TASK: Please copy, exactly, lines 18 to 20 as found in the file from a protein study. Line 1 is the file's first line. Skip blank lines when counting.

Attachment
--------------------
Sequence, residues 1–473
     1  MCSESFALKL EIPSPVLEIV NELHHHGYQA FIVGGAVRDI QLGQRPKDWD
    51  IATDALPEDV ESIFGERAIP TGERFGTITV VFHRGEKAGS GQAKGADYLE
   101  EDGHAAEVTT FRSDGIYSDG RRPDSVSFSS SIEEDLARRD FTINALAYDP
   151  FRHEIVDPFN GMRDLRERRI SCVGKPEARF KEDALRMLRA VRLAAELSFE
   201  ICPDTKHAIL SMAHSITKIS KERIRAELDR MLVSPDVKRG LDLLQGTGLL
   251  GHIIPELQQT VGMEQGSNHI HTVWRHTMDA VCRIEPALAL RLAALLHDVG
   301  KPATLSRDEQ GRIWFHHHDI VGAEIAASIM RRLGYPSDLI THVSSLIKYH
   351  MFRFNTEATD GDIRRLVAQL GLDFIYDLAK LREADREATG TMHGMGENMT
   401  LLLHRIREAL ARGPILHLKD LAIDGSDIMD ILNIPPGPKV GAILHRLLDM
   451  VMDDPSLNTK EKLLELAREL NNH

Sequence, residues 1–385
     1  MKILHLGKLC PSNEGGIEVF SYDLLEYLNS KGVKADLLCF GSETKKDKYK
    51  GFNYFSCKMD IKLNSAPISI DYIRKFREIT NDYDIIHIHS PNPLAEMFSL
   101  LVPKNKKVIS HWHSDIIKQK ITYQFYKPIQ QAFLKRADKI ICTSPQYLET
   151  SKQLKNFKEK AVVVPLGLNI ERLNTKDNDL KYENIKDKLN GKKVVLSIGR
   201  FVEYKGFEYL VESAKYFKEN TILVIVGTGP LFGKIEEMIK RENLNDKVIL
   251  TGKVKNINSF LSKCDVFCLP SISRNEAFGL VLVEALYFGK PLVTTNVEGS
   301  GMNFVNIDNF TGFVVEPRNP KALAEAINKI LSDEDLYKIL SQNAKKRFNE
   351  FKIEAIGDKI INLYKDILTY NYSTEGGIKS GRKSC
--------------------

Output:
   251  TGKVKNINSF LSKCDVFCLP SISRNEAFGL VLVEALYFGK PLVTTNVEGS
   301  GMNFVNIDNF TGFVVEPRNP KALAEAINKI LSDEDLYKIL SQNAKKRFNE
   351  FKIEAIGDKI INLYKDILTY NYSTEGGIKS GRKSC